Ex-CIA agent tried for spying for China - Taipei Times
Fri, Jun 01, 2018 - Page 7 News List

Ex-CIA agent tried for spying for China

MATTER OF CREDIBILITY:The former CIA case officer self-reported his transactions with Chinese spies to his former employer, but prosecutors accused him of covering his tracks

AP, ALEXANDRIA, Virginia

Former CIA case officer Kevin Mallory betrayed his country by giving a Chinese spy information about human assets and other top secret information in exchange for US$25,000, US prosecutors said.

However, defense lawyers said that their client is a loyal American who was merely stringing the Chinese along to try to get them and expose details of their own intelligence operation.

A jury on Wednesday heard opening statements in the trial of Mallory, 60, of Leesburg, Virginia, who was working as a self-employed consultant when he returned from Shanghai with more than US$16,000 in undeclared cash.

Mallory’s attorney Geremy Kamens said that Mallory had grown suspicious about a Chinese think tank’s job offer and hatched a plan to feed them phony documents.

He told people at the CIA, but prosecutors said that was just to cover his tracks.

Prosecutor Jennifer Gellie told jurors that Mallory’s scheme unraveled in April last year when he was selected for secondary screening at O’Hare International Airport on a flight back from Shanghai with his son.

Customs agents found US$16,500 in unreported cash and they questioned Mallory about the nature of his trip.

The customs agents allowed Mallory entry after assessing a US$188 tariff on some electronics Mallory said he had purchased, but Gellie said that the encounter prompted Mallory to reach out to some old CIA contacts to concoct a cover story for his espionage.

She said Mallory in May last year agreed to be questioned about his contacts and was caught off guard during that interview when a telephone given to him by the Chinese displayed text conversations between Mallory and the Chinese recruiter.

Mallory had expected that the phone’s secure messaging features would keep the conversation hidden, Gellie said.

In one text message, Mallory wrote: “Your object is to gain information, and my object is to be paid.”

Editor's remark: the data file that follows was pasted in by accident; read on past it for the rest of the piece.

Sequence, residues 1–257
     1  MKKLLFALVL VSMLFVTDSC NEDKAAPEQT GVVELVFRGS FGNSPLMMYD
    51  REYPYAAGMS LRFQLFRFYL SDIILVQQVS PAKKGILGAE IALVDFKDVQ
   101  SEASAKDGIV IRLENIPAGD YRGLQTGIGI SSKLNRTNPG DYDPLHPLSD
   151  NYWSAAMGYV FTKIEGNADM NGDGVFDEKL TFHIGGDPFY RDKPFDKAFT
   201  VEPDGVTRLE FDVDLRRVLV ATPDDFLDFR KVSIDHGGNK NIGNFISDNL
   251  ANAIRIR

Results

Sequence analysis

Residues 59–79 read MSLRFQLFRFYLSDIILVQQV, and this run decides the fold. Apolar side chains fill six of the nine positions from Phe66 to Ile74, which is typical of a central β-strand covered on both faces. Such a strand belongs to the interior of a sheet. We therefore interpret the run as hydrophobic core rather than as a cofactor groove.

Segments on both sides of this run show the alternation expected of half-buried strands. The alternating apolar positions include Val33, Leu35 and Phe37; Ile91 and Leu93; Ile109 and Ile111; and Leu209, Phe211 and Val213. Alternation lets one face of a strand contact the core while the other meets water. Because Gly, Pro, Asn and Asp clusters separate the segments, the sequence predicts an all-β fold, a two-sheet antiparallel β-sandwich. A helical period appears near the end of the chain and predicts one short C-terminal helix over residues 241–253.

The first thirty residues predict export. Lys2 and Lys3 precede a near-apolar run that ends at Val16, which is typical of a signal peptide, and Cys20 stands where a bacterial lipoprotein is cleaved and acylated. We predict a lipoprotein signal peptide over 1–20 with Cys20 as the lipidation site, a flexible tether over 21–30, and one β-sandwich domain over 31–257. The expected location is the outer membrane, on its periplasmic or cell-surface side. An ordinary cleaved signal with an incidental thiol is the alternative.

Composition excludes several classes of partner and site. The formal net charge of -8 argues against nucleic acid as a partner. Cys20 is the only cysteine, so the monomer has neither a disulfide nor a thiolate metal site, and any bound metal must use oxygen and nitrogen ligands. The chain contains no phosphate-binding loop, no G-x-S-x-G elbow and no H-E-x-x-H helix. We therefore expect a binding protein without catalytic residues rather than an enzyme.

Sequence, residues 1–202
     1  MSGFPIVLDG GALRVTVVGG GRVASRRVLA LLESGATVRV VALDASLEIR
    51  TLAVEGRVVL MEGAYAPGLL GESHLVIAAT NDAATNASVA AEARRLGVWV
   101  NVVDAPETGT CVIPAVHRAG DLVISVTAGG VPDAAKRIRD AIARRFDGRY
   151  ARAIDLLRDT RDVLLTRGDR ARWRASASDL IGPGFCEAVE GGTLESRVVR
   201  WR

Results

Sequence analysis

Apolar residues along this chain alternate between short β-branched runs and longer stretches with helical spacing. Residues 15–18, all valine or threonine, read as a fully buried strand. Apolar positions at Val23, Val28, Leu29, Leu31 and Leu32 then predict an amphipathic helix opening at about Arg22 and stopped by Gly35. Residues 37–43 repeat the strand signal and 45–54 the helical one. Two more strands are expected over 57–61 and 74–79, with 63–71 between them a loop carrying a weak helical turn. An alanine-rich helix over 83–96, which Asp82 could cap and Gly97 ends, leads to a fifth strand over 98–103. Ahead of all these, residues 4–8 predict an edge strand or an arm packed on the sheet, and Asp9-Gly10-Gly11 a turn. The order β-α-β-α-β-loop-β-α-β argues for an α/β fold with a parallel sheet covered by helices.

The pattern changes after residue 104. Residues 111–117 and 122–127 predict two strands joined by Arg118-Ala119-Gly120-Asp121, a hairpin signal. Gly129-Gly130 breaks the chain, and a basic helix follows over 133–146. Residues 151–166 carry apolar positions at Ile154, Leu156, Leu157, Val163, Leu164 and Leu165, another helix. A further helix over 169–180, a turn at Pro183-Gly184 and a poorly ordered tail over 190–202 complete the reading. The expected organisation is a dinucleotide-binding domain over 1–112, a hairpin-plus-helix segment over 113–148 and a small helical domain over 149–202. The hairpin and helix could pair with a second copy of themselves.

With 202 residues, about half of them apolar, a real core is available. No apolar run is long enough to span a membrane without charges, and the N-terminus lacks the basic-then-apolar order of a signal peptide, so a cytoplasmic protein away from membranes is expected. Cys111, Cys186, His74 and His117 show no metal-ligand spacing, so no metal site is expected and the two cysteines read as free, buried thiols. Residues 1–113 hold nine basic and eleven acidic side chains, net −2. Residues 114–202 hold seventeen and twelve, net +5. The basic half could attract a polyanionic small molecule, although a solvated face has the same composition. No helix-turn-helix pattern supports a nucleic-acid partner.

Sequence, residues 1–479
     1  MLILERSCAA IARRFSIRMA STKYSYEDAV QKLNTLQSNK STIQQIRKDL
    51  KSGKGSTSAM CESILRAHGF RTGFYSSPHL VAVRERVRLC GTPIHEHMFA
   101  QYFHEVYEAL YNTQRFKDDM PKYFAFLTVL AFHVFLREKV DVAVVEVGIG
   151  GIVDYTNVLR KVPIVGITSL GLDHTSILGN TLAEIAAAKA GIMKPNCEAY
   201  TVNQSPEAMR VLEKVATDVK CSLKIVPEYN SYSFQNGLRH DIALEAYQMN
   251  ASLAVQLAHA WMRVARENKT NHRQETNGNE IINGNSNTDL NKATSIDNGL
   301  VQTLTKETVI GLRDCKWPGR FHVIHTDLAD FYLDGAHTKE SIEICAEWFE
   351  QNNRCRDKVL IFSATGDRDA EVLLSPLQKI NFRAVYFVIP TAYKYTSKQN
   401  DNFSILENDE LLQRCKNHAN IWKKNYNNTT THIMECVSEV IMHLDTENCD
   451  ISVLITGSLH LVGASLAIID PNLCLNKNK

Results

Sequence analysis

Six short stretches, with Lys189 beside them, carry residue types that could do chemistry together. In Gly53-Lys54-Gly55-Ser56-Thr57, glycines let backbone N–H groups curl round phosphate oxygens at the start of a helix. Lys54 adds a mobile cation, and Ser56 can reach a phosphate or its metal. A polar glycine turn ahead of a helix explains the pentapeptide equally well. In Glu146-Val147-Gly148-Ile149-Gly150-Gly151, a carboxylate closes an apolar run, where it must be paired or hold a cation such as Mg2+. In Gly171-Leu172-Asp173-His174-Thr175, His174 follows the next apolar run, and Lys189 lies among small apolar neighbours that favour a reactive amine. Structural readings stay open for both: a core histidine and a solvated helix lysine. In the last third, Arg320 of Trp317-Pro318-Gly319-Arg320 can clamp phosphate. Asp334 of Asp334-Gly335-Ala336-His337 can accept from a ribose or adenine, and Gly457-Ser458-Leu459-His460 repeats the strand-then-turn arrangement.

Agents later searched Mallory’s home and found two small computer discs — one balled up in tin foil in a closet box filled with junk.

The drives contained secret and top secret documents, some of which had been sent to the Chinese recruiter on the phone, Gellie said, adding that one document contained information about human assets.

“Kevin Mallory chose to pass closely held government secrets to a Chinese government agent,” Gellie told the jury.

However, Kamens said that Mallory reached out to his old CIA contacts months before he was supposedly spooked by the airport inspection.

During testimony on Wednesday, a CIA analyst and a CIA contractor testified that Mallory contacted them in February last year, two months before the Shanghai trip.

One of the two testified that Mallory wanted him to reach out to China contacts in the CIA, because he was concerned that the think tank’s offer was not on the level. The other testified that he could not recall exactly why Mallory reached out.

“The only reason we are sitting in this courtroom is Mr Mallory knocked on the front door of the CIA” to tell them about the offer he received from the Chinese, the contacts said.

The trial is being heard in the Eastern District of Virginia, which is home to the CIA and US Department of Defense and often plays host to US security and espionage cases.

Espionage trials are a rarity, given that both sides have strong incentives to reach plea deals. The government is concerned about exposing secrets, while defendants are worried about potentially stiff sentences.

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